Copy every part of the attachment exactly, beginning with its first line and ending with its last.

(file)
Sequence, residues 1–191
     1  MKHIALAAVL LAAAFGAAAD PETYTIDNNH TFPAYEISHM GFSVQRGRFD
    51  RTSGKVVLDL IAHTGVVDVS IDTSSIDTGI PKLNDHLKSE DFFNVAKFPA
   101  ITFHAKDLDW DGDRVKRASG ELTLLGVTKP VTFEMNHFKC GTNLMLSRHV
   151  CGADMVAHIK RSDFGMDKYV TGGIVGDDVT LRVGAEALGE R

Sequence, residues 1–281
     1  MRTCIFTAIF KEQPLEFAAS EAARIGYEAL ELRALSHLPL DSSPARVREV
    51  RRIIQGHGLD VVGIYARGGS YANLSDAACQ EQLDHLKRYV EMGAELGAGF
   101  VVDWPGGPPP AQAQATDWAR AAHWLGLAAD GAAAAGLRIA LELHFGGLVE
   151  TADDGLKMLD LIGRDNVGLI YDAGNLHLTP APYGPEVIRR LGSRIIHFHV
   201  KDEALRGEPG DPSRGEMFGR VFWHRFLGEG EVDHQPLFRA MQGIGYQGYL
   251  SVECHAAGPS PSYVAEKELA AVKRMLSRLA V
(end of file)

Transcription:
Sequence, residues 1–191
     1  MKHIALAAVL LAAAFGAAAD PETYTIDNNH TFPAYEISHM GFSVQRGRFD
    51  RTSGKVVLDL IAHTGVVDVS IDTSSIDTGI PKLNDHLKSE DFFNVAKFPA
   101  ITFHAKDLDW DGDRVKRASG ELTLLGVTKP VTFEMNHFKC GTNLMLSRHV
   151  CGADMVAHIK RSDFGMDKYV TGGIVGDDVT LRVGAEALGE R

Sequence, residues 1–281
     1  MRTCIFTAIF KEQPLEFAAS EAARIGYEAL ELRALSHLPL DSSPARVREV
    51  RRIIQGHGLD VVGIYARGGS YANLSDAACQ EQLDHLKRYV EMGAELGAGF
   101  VVDWPGGPPP AQAQATDWAR AAHWLGLAAD GAAAAGLRIA LELHFGGLVE
   151  TADDGLKMLD LIGRDNVGLI YDAGNLHLTP APYGPEVIRR LGSRIIHFHV
   201  KDEALRGEPG DPSRGEMFGR VFWHRFLGEG EVDHQPLFRA MQGIGYQGYL
   251  SVECHAAGPS PSYVAEKELA AVKRMLSRLA V